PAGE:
I love libraries. I love the quiet, the wandering among the stacks, the treasures and discoveries on the shelves. I learned to love books early in life. My dad is a great believer in the ability to learn anything from a book. I haven't proved him wrong yet! Libraries are the repositories of human thoughts and dreams. Wonderful!
There is a large library only minutes from my workplace. I discovered last year that my town's library card also works in this library. So I've decided to go each Wednesday at lunch--it's a chance to leave my office and its bustle for just a little bit and enter another world.
This week, I went to the library with birds and gardening in mind. Birds have finally discovered the feeders in my backyard, so I want to learn more about these little visitors. And I have a real desire to have one of those messy cottage gardens (or elements thereof) in my front and back yards.
The book Illinois Bird Watching by Bill Thompson III has lots of great pictures of common Illinois birds and their habits. One of the nice things about this book is that each page features only one bird, and in a "quick reference box" on each page you can learn where and in what season the bird will appear, if it sings, if it likes bird baths, its silhouette against the sky, and its nesting habits. Real handy info if you want to tempt it into your yard!
Audubon: Writings & Drawings by John James Audubon is a hefty tome that contains Audubon's journal writings, as well as many colored plates of his birds. While in the library, I read his essay on the passenger pigeon, which is now extinct, but in Audubon's day fairly ruled the sky. I loved his reflections on the birds flights and flocking habits, and his thoughts about the bird's place in creation (he calls God "The Author of Nature"--lovely!). Of course, Audubon had no idea that man's hunting habits would drive this bird to extinction--he would be shocked, I think. In fact, in his essay he says that he imagines that the bird will be around forever, as it is so plentful. I loved his writing. I think I would like to add this book to my library!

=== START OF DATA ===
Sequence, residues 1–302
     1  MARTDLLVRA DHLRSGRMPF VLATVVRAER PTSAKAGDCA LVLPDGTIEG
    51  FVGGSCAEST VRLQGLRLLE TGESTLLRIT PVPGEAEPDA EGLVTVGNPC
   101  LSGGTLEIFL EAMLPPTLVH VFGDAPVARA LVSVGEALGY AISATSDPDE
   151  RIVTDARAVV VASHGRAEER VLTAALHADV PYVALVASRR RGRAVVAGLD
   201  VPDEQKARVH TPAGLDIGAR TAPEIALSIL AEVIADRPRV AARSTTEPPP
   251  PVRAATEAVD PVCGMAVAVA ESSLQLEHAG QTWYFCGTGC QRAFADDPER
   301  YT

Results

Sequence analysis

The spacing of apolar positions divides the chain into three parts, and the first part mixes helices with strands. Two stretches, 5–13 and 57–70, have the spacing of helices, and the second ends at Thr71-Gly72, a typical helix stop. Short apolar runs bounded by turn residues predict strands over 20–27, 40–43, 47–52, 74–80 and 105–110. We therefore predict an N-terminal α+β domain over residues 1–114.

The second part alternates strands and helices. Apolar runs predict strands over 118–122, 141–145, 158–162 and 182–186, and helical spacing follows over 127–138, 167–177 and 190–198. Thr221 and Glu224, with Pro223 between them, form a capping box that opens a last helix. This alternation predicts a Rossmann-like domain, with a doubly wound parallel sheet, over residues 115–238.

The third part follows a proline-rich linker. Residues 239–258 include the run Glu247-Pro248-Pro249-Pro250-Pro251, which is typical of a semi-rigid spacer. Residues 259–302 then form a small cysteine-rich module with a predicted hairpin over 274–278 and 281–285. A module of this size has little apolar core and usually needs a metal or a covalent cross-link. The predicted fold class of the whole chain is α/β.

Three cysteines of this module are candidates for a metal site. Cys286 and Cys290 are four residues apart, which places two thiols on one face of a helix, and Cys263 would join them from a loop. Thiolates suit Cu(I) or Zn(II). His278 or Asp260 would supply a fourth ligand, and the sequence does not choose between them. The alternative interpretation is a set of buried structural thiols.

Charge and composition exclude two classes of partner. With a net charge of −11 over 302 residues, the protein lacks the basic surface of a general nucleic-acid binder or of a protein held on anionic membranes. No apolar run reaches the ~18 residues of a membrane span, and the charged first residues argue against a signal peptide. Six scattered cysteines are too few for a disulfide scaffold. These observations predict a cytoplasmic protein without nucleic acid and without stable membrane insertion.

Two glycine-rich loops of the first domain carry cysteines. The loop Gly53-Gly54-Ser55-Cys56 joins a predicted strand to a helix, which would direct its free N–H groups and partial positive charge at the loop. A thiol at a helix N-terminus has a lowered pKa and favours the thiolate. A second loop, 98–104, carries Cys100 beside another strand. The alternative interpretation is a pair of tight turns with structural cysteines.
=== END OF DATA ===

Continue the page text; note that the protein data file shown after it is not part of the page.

Front Yard Gardens by Liz Primeau is an excellent beginner's book for anyone who wants to take the "blah" away from their front yard. And my yard is certainly a plain jane. The pictures in this book can give you a wonderful sense of what you can do in your front yard. The author reflects that a beautiful, flowery front yard can be a blessing and a gift to your neighbors. This appeals to me!
I also checked out Sunset's Cottage Gardens, which will give me some ideas for creating that messy look I want. I'm going to focus on planting perennials so I don't have to replant (or spend money) every year.
Finally, I found a nature journal book called Bird, Egg, Feather and Nest by MaryJo Koch. It is full of watercolor drawings of birds and their elements. Picture books are not just for children. This is one that I as a grown up am thoroughly enjoying!
I encourage you to visit and support your library. It's a great place to dream and to find out how to make dreams come true!